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Bath and Birmingham Clean Air Zones get green light

12 October 2020
Birmingham’s Clean Air Zones comes into force on 1 June 2021 and will cover the area inside the inner ring road (A4540 Middleway)
Birmingham’s Clean Air Zones comes into force on 1 June 2021 and will cover the area inside the inner ring road (A4540 Middleway)

The Government has approved plans for Clean Air Zones (CAZs) to go live in Bath and Birmingham next year. The schemes had been due to start this year but were postponed because of Covid-19. 

Bath’s scheme, which covers the city centre, will start on 15 March 2021 while the Birmingham scheme will go live on 1 June 2021. Bath will be England’s first charging CAZ to go live outside London.

A daily charge of £100 will apply to the heaviest-emitting HGVs, buses and coaches that enter the zone, but there will be no charge for cars and motorbikes.

Non-compliant vans, taxis, private hire vehicles and minibuses will pay £9 a day. Pre-Euro 6 diesel vehicles and pre-Euro 4 petrol vehicles will be charged under the CAZ.

Find out about the Bath and Birmingham schemes at What Next For Clean Air Zones? which takes place on 21 October. Book your free place now

Birmingham’s scheme will cover the area inside the inner ring road (A4540 Middleway). Owners of the most polluting vehicles will need to pay a daily charge to drive into or through the Clean Air Zone. 

The charge will be £8 for cars, taxis (Hackney Carriages/black cabs & Private Hire), LGVs (vans) and £50 for HGVs (trucks and lorries), coaches and buses. 

Bath & North-East Somerset Council said nitrogen dioxide concentrations in Bath fell by about 20% during lockdown but have since risen and are “close to the levels that would be expected at this time of year”. 

“Whilst traffic levels fell by around 70% during lockdown they are already back to within 10% of the levels expected at this time of year, with weekend levels being almost back to normal.”

Covid has slowed the process of vehicle replacements, said the council, which will reduce the pace of air quality improvements delivered by modernising the vehicle fleet. 

“New vehicle registrations are down between 40 and 68% depending on vehicle type, with heavy duty vehicles being the slowest to recover.”

Council transport and travel advisors are contacting 8,500 businesses across the council area to make sure they are aware of the CAZ and the financial support schemes available to upgrade non-compliant vehicles.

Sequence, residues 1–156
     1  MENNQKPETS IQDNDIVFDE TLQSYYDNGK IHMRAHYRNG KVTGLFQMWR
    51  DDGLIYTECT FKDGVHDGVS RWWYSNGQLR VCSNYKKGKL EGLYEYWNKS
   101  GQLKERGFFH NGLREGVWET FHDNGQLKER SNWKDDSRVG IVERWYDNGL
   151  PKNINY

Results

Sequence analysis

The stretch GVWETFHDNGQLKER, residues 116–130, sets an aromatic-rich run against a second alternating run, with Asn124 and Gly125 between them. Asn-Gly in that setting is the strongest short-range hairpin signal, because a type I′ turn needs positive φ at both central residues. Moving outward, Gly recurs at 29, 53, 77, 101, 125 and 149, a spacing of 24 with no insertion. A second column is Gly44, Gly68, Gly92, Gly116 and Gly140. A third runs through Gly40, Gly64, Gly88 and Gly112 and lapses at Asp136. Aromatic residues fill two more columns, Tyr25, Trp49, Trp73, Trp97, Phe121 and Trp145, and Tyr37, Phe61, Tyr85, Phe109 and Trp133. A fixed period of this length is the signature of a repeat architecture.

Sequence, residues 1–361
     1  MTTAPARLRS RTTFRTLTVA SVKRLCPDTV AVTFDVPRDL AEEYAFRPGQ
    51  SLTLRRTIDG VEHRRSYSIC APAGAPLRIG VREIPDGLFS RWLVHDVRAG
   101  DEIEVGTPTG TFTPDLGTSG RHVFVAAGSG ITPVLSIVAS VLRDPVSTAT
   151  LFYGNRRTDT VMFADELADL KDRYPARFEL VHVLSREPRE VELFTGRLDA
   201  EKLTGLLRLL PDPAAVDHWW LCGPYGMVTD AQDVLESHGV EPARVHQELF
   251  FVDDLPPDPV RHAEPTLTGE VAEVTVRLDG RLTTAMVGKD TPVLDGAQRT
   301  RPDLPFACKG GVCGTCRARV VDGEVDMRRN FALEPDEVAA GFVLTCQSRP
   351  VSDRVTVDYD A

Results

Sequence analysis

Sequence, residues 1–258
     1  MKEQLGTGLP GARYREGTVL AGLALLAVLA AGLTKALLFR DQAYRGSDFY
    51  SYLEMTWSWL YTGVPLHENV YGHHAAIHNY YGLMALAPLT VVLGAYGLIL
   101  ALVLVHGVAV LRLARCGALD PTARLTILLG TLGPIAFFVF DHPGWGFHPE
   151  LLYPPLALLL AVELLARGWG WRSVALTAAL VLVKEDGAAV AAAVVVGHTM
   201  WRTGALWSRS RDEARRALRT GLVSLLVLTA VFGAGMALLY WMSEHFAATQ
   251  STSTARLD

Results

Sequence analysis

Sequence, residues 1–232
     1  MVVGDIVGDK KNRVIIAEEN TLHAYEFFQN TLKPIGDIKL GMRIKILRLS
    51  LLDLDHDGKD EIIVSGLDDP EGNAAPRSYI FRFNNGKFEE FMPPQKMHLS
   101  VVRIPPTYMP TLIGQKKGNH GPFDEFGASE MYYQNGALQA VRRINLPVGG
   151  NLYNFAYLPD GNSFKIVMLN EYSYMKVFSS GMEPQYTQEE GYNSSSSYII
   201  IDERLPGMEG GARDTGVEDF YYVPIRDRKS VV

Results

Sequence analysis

A cordon of automatic numberplate recognition (ANPR) cameras will be operational by November and signage will be erected later in the year.

ANPR cameras will be also be used to enforce Birmingham’s CAZ to ensure that non-compliant vehicles are charged for every day that they move within the zone.  

Birmingham City Council has pledged a range of exemptions and financial incentives, with a total value of around £35m, to help residents, city centre workers and businesses prepare for the introduction of the CAZ. 

The following vehicles will not have pay a charge in Birmingham’s CAZ: Vehicles that are Diesel – Euro 6 (VI) standard or better (roughly end of 2015 onwards); Petrol or LPG added to original petrol engine – Euro 4 standard or better (roughly 2006 onwards); Gas – Euro 6 (VI) standard or better; Fully electric or hydrogen fuel cell – all are compliant and avoid CAZ charges; and Hybrid electric.

Exemption permits are being made available to residents and workers in the Clean Air Zone and commercial vehicles registered in the Clean Air Zone.

A Birmingham City Council spokesman told TransportXtra: “Poor air quality remains the single biggest environmental risk to public health. Clean Air Zones remain an important tool to help local authorities address this issue by encouraging the owners of the most polluting vehicles to either upgrade to a less polluting vehicle or find different ways of moving around the area. The council and its partners are pursuing a number of initiatives to improve air quality across the city and make it easier for people to choose more environmentally-friendly alternatives such as walking, cycling and public transport.”

Councillor Waseem Zaffar, Cabinet Member for Transport and Environment at Birmingham City Council said: “We have been working closely with officials at the Joint Air Quality Unit and ministers to agree a new launch date for the government-mandated Clean Air Zone.

“Poor air quality remains a public health risk and a Clean Air Zone provides the city with an effective tool for tackling this issue in the shortest possible time.”

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